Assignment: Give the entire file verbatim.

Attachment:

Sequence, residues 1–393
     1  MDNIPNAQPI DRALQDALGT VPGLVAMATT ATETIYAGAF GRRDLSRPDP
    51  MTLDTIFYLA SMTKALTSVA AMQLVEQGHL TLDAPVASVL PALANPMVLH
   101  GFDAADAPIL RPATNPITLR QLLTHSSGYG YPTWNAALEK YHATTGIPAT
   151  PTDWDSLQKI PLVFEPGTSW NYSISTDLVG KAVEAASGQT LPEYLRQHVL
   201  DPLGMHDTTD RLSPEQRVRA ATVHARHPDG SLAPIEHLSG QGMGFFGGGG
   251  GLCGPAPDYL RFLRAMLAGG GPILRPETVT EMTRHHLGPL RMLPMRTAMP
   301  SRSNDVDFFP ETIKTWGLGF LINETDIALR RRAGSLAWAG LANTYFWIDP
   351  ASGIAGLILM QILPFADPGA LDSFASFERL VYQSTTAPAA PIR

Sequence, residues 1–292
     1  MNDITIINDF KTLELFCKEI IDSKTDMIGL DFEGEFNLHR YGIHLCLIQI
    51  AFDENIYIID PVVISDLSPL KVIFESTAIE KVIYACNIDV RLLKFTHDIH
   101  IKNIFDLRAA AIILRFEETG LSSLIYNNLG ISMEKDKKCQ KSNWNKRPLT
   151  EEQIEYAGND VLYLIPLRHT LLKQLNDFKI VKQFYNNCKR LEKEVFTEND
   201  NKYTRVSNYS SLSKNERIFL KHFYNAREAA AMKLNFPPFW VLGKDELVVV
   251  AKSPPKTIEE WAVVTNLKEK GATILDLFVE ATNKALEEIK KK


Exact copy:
Sequence, residues 1–393
     1  MDNIPNAQPI DRALQDALGT VPGLVAMATT ATETIYAGAF GRRDLSRPDP
    51  MTLDTIFYLA SMTKALTSVA AMQLVEQGHL TLDAPVASVL PALANPMVLH
   101  GFDAADAPIL RPATNPITLR QLLTHSSGYG YPTWNAALEK YHATTGIPAT
   151  PTDWDSLQKI PLVFEPGTSW NYSISTDLVG KAVEAASGQT LPEYLRQHVL
   201  DPLGMHDTTD RLSPEQRVRA ATVHARHPDG SLAPIEHLSG QGMGFFGGGG
   251  GLCGPAPDYL RFLRAMLAGG GPILRPETVT EMTRHHLGPL RMLPMRTAMP
   301  SRSNDVDFFP ETIKTWGLGF LINETDIALR RRAGSLAWAG LANTYFWIDP
   351  ASGIAGLILM QILPFADPGA LDSFASFERL VYQSTTAPAA PIR

Sequence, residues 1–292
     1  MNDITIINDF KTLELFCKEI IDSKTDMIGL DFEGEFNLHR YGIHLCLIQI
    51  AFDENIYIID PVVISDLSPL KVIFESTAIE KVIYACNIDV RLLKFTHDIH
   101  IKNIFDLRAA AIILRFEETG LSSLIYNNLG ISMEKDKKCQ KSNWNKRPLT
   151  EEQIEYAGND VLYLIPLRHT LLKQLNDFKI VKQFYNNCKR LEKEVFTEND
   201  NKYTRVSNYS SLSKNERIFL KHFYNAREAA AMKLNFPPFW VLGKDELVVV
   251  AKSPPKTIEE WAVVTNLKEK GATILDLFVE ATNKALEEIK KK